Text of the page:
Sonnefeld photos by Michelle Hood Barry Sonnenfeld is the master of droll. You can see it in his work, from John Travolta's suave, minivan-driving gangster in GetShorty to Tommy Lee Jones's slow-burning G-man in Men in Black to Patrick Warburton's oblivious superhero in The Tick.
"This, like any story worth telling, is all about a girl," Peter Parker tells us at the beginning of Spider-Man-not what you'd expect to hear from a superhero. But, as delighted audiences soon discovered, Spider-Man doesn't play by the rules.
Arrive at a high-tech hotel, and you're in for a refreshing experience. Imagine being greeted curbside by a bellman bearing a PDA who registers you in just moments, eliminating what can be a frustrating trip to the front desk. In more and more hotels, new technology is making agonizingly long check-in lines and the risk of getting stuck with a lousy room nuisances of the past.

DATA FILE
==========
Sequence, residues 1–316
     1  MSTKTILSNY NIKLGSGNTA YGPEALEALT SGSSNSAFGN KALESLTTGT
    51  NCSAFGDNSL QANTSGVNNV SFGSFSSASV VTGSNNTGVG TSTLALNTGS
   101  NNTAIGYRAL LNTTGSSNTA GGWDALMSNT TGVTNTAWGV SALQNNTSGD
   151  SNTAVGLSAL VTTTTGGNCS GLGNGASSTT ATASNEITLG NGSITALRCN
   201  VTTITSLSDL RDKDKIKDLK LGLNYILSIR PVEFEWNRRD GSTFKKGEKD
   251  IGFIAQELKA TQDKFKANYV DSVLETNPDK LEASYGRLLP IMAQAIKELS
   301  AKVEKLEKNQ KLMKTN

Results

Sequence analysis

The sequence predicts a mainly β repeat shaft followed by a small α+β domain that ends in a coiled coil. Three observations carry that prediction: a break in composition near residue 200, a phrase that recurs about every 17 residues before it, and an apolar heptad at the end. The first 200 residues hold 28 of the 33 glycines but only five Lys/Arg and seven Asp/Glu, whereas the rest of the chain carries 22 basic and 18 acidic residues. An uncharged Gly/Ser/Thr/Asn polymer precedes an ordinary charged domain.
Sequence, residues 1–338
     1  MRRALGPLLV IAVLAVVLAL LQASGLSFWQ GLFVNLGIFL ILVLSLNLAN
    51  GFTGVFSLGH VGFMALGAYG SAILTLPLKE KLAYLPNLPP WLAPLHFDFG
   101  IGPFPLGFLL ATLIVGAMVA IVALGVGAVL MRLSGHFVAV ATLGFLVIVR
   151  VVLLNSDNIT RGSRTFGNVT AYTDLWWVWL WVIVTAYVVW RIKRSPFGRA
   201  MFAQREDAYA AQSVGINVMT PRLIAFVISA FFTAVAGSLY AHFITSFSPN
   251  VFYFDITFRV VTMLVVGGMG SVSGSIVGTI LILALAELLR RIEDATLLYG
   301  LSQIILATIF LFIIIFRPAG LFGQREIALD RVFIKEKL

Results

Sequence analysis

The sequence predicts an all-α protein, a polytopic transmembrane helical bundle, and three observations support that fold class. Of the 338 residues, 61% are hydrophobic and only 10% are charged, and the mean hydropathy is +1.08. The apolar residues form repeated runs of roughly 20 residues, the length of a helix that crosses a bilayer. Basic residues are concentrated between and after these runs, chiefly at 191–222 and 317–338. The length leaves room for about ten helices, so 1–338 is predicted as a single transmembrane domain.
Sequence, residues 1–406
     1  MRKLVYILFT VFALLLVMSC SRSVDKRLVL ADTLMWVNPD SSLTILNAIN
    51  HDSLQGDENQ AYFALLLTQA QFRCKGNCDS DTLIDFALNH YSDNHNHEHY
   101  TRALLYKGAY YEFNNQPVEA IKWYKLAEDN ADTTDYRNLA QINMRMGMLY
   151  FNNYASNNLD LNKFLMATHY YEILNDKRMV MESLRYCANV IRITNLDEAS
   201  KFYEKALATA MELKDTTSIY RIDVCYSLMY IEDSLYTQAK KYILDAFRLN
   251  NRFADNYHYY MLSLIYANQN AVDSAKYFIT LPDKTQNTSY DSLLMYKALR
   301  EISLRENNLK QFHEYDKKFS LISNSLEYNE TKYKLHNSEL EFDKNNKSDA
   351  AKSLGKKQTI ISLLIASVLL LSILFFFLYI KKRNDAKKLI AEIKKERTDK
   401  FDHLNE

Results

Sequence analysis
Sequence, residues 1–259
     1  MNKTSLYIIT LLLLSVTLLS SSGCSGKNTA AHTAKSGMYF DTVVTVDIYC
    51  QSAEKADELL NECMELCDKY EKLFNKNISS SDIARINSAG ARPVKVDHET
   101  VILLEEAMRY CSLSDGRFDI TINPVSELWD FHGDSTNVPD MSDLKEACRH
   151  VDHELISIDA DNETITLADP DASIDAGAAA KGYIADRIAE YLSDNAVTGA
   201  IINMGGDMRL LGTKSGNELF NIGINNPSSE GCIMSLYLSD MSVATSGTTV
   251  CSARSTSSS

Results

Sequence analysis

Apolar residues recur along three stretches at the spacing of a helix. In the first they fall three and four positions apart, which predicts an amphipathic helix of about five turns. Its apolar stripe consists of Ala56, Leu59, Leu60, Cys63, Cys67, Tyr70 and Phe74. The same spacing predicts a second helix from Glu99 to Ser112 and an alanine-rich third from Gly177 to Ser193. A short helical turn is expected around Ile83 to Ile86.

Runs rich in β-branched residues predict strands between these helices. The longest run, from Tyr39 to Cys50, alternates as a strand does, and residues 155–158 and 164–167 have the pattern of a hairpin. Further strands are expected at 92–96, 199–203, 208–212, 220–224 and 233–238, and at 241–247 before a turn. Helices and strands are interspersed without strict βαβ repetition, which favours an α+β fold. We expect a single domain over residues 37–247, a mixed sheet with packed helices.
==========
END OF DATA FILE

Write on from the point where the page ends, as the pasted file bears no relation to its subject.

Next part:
June 29, 2000. Madison Square Garden is packed with die-hard Springsteen fans for the second-to-last show of the world tour reuniting Bruce with the legendary E Street Band for the first time in more than 13 years. The night is as exciting as it is bittersweet because no one knows if this band will ever play together again.